Jump to content

a great manager


philassor
 Share

Recommended Posts

I thought this article was worth the read:  a "tech" company with a moat (low cost) and a huge market.  A potential rocket stock?

Good enough for buffett with that type of manager at work and despite the tech label. Too bad he could not buy the 25% he wanted...

 

http://money.cnn.com/2009/04/13/technology/gunther_electric.fortune/index.htm?postversion=2009041309

Link to comment
Share on other sites

The world is in desperate need of new super efficient battery technology.  Right now to power a light bulb we pay something like, 10 cents per kilowatt hour (kwh).  The cost per kwh to power a flashlight by the use of batteries, is something like $1000.  The feasibility of Electric cars is questionable, but there may be other developments that come as a consequence of such a products development.  I'd bet the money is in the battery, but who knows-we definitely don't know enough information.  Buffett has been very consistent in allocating Berkshire's capital, but there have been times when a particular action causes confusion.  This I suspect is one of those times.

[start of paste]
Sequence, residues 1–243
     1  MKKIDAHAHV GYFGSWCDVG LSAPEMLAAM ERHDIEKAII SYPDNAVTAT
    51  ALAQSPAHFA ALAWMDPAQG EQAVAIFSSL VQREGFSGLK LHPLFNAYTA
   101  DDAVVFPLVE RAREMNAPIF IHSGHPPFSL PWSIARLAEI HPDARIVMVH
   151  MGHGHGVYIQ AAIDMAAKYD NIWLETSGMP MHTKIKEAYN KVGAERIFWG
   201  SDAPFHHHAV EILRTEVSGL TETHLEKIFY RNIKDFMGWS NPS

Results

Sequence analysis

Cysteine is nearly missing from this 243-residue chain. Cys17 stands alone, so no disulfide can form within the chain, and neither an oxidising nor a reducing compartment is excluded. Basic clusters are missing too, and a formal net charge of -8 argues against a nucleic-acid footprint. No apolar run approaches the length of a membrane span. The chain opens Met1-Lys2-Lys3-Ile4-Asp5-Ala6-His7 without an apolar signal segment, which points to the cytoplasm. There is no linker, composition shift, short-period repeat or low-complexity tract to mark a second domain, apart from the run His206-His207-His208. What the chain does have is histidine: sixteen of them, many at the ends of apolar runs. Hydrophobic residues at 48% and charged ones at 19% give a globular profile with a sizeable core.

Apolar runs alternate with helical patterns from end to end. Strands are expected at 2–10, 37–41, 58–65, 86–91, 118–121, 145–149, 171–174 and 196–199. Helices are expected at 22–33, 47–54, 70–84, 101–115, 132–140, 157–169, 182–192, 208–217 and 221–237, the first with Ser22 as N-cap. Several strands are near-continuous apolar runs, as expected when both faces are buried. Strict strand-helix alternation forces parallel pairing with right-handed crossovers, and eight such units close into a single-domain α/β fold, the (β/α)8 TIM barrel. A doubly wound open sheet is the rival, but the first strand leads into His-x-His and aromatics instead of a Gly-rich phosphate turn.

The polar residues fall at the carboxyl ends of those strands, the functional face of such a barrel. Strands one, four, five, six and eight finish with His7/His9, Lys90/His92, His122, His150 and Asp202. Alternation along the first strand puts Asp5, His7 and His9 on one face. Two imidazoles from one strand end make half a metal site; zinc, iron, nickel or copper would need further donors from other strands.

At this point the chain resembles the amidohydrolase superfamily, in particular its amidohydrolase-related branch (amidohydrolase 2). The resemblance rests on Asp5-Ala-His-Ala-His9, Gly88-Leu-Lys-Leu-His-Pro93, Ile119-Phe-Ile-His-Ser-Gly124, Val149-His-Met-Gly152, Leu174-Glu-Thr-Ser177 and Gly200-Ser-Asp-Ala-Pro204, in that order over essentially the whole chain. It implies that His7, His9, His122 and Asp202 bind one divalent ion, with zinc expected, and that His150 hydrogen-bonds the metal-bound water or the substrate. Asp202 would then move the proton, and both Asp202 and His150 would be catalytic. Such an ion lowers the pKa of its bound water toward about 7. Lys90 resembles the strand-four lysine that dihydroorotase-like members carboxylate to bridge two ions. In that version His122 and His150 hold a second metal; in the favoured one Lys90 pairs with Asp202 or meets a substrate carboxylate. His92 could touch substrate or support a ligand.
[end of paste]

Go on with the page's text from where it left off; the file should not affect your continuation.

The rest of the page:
Link to comment
Share on other sites

Maybe I did't explain clearly.  The following is largely from Richard Muller.

 

  Here are a few costs of energy per kilowatt-hour from various sources:

 

Coal: 0.4¢ per kWh (coal costs $40 per ton)

Natural gas: 3.4¢ per kWh (gas costs $10 per million cubic feet)

Gasoline: 7.5¢ (at $2.50 per gallon; the price changes frequently)

Car battery: 21¢ per kWh (the cost is the $50 per battery to replace)

Computer battery: $4 per kWh (500 charges $100 per battery)

AAA battery: $1000 per kWh (cost is $1.50 per battery)

 

 

It's difficult to compare the costs of energy because different fuels and produce varying amounts of energy.  Below provides a cost comparison in terms of electricity.   

 

Fuel
market cost
cost per kWh (1000 Cal)
cost if converted to electricity

coal
$40 per ton
0.4¢
1.2¢

natural gas
$10 per million cubic feet

gasoline
$3 per gallon
27¢

electricity
$0.10 per kWh
10¢
10¢

 

 

 

For a good discussion on Electric Cars see:

http://muller.lbl.gov/teaching/physics10/old%20physics%2010/physics%2010%20notes/Electric%20cars%20.html

 

 

Link to comment
Share on other sites

Create an account or sign in to comment

You need to be a member in order to leave a comment

Create an account

Sign up for a new account in our community. It's easy!

Register a new account

Sign in

Already have an account? Sign in here.

Sign In Now
 Share

×
×
  • Create New...